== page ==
The potential mechanisms behind the observed protective association of gout in PD include the antioxidant properties of uric acid. Uric acid can reduce oxidative stress through its actions as an effective scavenger of peroxynitrite (ONOO−) and hydroxyl radicals (OH•) (33). In the 1-methyl-4-phenyl-1,2,3,6-tetrahydropyridine (MPTP) model of PD, uric acid completely prevented the death of the dopaminergic cells induced by homocysteine plus rotenone or iron (34). Possible mechanisms for a neuroprotective action of uric acid include the suppression of oxyradical accumulation and preservation of mitochondrial function (35), inhibition of the cytotoxic activity of lactoperoxidase (36), repair of DNA damaged by free radicals (37), and protection from dopamine-induced apoptosis (38). The beneficial effects of uric acid have also been shown in animal models of neurologic disorders, including multiple sclerosis and spinal cord injury (39).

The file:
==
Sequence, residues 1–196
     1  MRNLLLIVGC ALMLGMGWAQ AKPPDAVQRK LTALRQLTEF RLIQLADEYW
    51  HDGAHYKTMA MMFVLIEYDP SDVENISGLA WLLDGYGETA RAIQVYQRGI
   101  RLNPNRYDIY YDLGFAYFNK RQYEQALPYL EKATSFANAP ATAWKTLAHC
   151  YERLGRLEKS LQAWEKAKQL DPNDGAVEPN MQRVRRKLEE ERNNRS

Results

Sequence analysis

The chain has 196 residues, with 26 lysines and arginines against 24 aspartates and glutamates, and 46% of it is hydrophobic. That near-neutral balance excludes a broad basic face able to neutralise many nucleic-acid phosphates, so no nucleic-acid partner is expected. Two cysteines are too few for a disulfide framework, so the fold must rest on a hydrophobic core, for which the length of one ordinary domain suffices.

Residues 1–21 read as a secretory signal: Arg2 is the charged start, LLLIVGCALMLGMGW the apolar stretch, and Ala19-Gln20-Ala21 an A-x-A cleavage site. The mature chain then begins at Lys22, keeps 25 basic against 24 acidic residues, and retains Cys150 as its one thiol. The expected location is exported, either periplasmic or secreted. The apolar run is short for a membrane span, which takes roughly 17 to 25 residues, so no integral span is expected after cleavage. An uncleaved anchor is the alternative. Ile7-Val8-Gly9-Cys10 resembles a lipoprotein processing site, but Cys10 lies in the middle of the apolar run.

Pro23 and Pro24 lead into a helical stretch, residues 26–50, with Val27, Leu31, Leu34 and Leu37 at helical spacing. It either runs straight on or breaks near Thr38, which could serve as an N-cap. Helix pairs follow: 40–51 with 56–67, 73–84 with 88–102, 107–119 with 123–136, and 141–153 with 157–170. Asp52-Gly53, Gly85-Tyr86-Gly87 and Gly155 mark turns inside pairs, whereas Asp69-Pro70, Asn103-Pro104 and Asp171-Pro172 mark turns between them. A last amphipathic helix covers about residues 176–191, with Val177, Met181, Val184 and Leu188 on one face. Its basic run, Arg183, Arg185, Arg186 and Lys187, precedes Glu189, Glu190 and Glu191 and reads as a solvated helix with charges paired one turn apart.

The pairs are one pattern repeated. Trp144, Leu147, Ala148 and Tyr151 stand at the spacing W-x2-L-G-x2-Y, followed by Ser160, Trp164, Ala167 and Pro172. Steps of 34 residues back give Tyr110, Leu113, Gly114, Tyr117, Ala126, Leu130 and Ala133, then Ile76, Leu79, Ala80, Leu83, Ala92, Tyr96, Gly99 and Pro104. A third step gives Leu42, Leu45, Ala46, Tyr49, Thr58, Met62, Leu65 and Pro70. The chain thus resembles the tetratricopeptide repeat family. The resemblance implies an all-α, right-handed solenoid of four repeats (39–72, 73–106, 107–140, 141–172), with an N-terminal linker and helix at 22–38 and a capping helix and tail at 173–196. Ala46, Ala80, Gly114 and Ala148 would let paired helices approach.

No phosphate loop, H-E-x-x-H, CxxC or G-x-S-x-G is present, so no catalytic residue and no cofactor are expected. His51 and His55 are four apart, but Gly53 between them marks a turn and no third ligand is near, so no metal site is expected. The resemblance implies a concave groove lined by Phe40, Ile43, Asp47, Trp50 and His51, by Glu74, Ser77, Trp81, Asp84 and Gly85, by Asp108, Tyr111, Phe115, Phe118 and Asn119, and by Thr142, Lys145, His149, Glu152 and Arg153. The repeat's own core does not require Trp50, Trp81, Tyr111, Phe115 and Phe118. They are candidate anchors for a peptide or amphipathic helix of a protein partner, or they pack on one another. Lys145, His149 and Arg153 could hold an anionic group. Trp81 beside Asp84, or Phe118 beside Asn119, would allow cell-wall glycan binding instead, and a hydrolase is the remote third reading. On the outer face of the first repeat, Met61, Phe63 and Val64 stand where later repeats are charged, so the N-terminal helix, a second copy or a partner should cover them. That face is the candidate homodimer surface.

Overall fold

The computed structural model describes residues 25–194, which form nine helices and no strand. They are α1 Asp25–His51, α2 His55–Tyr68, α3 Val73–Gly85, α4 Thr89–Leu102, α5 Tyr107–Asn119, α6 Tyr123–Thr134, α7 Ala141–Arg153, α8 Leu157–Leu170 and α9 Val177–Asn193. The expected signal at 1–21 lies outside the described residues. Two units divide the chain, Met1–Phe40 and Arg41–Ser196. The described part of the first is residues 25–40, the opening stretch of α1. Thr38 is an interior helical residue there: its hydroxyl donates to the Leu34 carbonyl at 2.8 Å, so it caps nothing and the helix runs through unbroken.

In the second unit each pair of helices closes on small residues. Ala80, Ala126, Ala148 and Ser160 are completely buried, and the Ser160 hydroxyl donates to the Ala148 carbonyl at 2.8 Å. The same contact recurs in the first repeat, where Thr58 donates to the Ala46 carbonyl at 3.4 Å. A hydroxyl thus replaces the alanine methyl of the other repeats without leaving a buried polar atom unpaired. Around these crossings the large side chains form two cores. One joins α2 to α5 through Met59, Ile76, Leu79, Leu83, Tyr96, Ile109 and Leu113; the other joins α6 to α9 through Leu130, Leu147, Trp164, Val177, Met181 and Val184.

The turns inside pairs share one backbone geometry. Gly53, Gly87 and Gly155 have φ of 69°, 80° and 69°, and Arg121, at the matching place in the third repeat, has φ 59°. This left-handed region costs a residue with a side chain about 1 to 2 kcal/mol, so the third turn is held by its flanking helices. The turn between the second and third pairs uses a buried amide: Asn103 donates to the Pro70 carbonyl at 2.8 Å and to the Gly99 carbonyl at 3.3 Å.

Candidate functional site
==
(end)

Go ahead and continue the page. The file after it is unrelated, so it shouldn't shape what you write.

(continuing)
Treated gout was associated with a lower risk of PD than untreated gout in our study (RR 0.66 versus 0.79), as well as in the GPRD study (odds ratio 0.61 versus 0.75) (11). Although these findings suggest an additional benefit from anti-gout medicine, particularly allopurinol, an anti-gout treatment history also reflects severe gout or high levels of serum uric acid at the time of treatment initiation (i.e., confounding by indication). Because the noncompliance rate (44%) (40) and nonpersistence rate (72%) (41) of allopurinol use are high, the long-term serum uric acid levels existing prior to the onset of PD could be higher among patients treated with any anti-gout medication than among untreated patients. Furthermore, this potential treatment effect cannot explain the previously reported link between serum uric acid levels and risk of PD in population studies, because the prevalence of anti-gout medication use in these studies was minimal (<1%) (6–8).